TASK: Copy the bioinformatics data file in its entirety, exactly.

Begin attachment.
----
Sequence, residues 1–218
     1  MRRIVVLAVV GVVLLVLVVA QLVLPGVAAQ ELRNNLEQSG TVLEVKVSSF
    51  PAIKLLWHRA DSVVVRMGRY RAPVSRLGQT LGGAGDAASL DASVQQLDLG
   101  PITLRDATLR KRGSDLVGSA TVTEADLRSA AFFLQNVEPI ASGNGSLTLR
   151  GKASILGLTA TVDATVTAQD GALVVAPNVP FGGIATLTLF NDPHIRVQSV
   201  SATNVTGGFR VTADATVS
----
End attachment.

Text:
Sequence, residues 1–218
     1  MRRIVVLAVV GVVLLVLVVA QLVLPGVAAQ ELRNNLEQSG TVLEVKVSSF
    51  PAIKLLWHRA DSVVVRMGRY RAPVSRLGQT LGGAGDAASL DASVQQLDLG
   101  PITLRDATLR KRGSDLVGSA TVTEADLRSA AFFLQNVEPI ASGNGSLTLR
   151  GKASILGLTA TVDATVTAQD GALVVAPNVP FGGIATLTLF NDPHIRVQSV
   201  SATNVTGGFR VTADATVS